Even if the artist was not publically affiliated with the Impressionists, he was very well acquainted with the key figures from Parisian café culture, and the lively discussions and debates that such establishments played host to. Charles S. Moffett has described the Café Guerbois as the 'crucible of the Impressionist movement' and Manet emerged as one of the key figures among the avant-garde artists who gathered there on Monday evenings during the late 1860s, the years leading up to the present work's execution. Manet's influence amongst the artists who gathered there should not be underestimated, and Monet later credited these meetings as being a continuing source of inspiration: 'in 1869 [...] Manet invited me to join him every evening in a café in the Batignolles quarter, where he and his friends would gather and talk after leaving their ateliers. There I met Fantin-Latour, Cézanne, and Degas, [...] the art critic Duranty, Émile Zola [...] I brought along Sisley, Bazille, and Renoir. Nothing was more interesting than our discussions, with their perpetual clash of opinion. They sharpened one's wits, encouraged frank and impartial inquiry, and provided enthusiasm that kept us going for weeks and weeks until our ideas took final shape. One always came away feeling more involved, more determined, and thinking more clearly and distinctly' (quoted in François Thiébault-Sisson, 'Claude Monet: Les années d'épreuves', in Le Temps, 26th November 1900, p. 3).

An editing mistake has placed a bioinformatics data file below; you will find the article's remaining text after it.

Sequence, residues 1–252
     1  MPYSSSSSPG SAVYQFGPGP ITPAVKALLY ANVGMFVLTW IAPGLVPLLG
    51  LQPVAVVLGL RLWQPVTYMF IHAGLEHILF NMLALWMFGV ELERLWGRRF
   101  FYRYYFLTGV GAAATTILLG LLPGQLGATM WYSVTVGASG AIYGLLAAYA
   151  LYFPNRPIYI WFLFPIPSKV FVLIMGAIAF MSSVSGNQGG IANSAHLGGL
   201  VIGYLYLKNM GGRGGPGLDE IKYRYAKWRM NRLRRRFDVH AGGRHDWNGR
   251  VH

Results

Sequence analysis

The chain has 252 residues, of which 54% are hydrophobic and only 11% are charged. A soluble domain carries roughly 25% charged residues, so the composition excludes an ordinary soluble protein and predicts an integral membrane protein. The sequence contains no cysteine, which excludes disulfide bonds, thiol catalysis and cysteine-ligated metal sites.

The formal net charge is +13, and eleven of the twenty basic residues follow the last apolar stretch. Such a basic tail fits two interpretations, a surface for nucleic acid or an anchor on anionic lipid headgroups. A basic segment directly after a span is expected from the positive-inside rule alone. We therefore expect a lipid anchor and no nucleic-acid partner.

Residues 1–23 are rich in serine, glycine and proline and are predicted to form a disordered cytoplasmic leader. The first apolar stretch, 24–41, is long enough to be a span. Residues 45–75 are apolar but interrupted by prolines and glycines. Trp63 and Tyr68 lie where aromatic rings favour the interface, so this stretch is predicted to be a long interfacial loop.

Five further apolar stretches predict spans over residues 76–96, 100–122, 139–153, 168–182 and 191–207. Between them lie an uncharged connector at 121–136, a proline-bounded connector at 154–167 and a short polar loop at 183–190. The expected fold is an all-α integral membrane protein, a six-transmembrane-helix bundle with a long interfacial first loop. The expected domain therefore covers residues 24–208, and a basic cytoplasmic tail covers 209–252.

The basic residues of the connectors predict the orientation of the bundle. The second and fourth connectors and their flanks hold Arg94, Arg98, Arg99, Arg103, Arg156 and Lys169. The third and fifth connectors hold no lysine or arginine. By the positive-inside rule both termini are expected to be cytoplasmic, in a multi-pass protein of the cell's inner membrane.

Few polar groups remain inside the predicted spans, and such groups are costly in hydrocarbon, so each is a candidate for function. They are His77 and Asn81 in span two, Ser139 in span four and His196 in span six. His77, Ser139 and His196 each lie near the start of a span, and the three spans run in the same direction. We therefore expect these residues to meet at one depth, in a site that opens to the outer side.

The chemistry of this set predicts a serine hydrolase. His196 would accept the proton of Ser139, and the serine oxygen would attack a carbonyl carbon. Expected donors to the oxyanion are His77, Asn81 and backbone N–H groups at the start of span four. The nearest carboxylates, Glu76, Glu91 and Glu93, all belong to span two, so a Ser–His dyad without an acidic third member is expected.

In addition to its revolutionary execution, the present work is also an important example of Manet's desire to capture a true portrait of contemporary France: the Industrial Revolution and all the enormous changes that came in its wake. Manet is first and foremost 'the painter of modern life', a conception first proposed by Baudelaire in his famous 1863 essay of the same name. He was fascinated by the social impact of industrialisation, sometimes depicting the human loneliness and alienation brought on by modern urban life, or else more tangible symbols such as the train station of the present work. This interest in depicting the changing face of France is also evident in the pendant work Petit Montrouge (fig. 1), with its skyline of factory chimneys.
It is near impossible to overemphasise the colossal influence of Manet on the younger generation of artists in Paris at the time, and more than being just the 'father of Impressionism', his daring was arguably the catalyst for the whole of modern art as we understand it today. La gare du chemin de fer de Sceaux is a remarkably atmospheric painting, and its daring brushwork, as well as it being one of the earliest examples of the artist painting en plein air, makes it an extremely important cog in the development of Modernism. With very few comparable works on the market, the present work is a wonderfully rare and truly landmark painting. The artist realised that this Impressionist aesthetic would in time come to be widely appreciated and valued. In a letter to his wife just prior to the painting of the present work, he outlines his intentions to start painting out of doors: 'My soldier's knapsack serves to hold everything necessary for painting. I shall soon start some sketches from life. They will be souvenirs that will one day have value.'